Portraits of a Singapore Mom Blogger 1


“Both my paternal grandparents were locally born but we hearsay our ancestry line moved from Indonesia to Terrenganu to Singapore.

My dad married my mom, who is a true blue teochew! So, I am only a half-bred nonya.”

What is your earliest memory of your heritage?

“I think the most memorable moments learning about my heritage was visiting my paternal relatives during the Chinese New Year. It helped that I was always rooted at my seat and trying to figure out the language, so unlike the younger generation today. It is likely that I picked up my knowledge of basic Malay and a fair bit of ‘peranakan language’ from them. (Peranakans converse in a mixture of English, Malay and Hokkien).

My parents were already rather modernized when they wedded in the 60s. There was, unfortunately, no specific tradition that has been carried forward except for the food. My mum leant peranakan-style cooking from my paternal grandma who taught her the recipes.”

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“My grandma was the only nonya whom I knew who faithfully wore her Kebayas at home, as she lived with us till she passed on when I turned 16 years old. It was a pity that we were not very close and there wasn’t any keepsake from her that was handed down, as it was only distributed amongst her daughters.

However, my 2nd brother elder brother, Alvin, who is very much into preserving the peranakan heritage, helped formed and helms ‘The Main Wayang Company’. Which actively promotes the unique Peranakan culture locally and overseas. Do check out some of the music that he has composed and produced.”

“…I do have a few memorabilia presented to me by my brother; a Kam Cheng and some porcelain spoon ornaments which I proudly display in my home. These are things that remind me of my heritage. ”

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Of all the things you have learnt from your parents (in terms of tradition and culture), what do you feel was the most valuable?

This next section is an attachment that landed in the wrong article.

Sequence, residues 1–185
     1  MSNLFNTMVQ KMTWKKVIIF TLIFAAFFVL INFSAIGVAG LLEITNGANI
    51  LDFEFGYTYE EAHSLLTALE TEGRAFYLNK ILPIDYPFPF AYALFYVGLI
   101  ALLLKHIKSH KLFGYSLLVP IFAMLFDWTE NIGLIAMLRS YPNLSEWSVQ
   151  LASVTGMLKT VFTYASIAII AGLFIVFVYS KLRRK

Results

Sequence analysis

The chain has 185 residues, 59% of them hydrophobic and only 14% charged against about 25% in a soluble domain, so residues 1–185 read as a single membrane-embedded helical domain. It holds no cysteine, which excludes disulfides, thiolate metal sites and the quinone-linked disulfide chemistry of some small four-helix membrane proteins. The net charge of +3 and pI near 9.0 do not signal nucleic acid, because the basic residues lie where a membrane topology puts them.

“I think I like the way I have been shown what is true love and stay humble in life. My mom came from a very well-to-do family before she met my dad, who was working in a factory prior to becoming a teacher. In those days, money was very hard to come by. She chose love and trust (my dad) versus an arranged marriage to a rich businessman’s son. She stood by my dad in good times and in bad. She never once wavered even though she could have had a luxurious life, I honor and respect her for that. ”


So, who is this Singapore Mom Blogger?

It’s Adeline, from The Accidental Mom Blogger.  A mom of 2, a jewelry crafter of unique and intricate creations and an extremely competent home-cook.

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With Adeline’s winsome girlish charms and lovely dimpled smile, it was not so hard for this inexperienced-amateur-photographer-yours-truly to capture these portrait shots of her.

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She may come across as quiet and reserved at first impression. But as I got to know her better this past one year, I have discovered that Adeline has a playful side, yet she can be the dependable big sister of SMB, who has earned herself the nick AOAC – ‘Adeline Oon Ah Che’.

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Adeline also has a matriarchal side to her, (matriarchal doesn’t mean wanting to crush people like cockroaches), that is demonstrated by how efficient and capable she is in running her household and single-handedly tending to the needs of her two children.

Want to find out more about the real AOAC? Then do visit her blog at The Accidental Mom Blogger.

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So who will be featured next on my next installment of Portraits of a Singapore Mom Blogger? Stay tuned for the continuation of this series in the next few weeks.


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Photo *Heart* Fridays – Portraits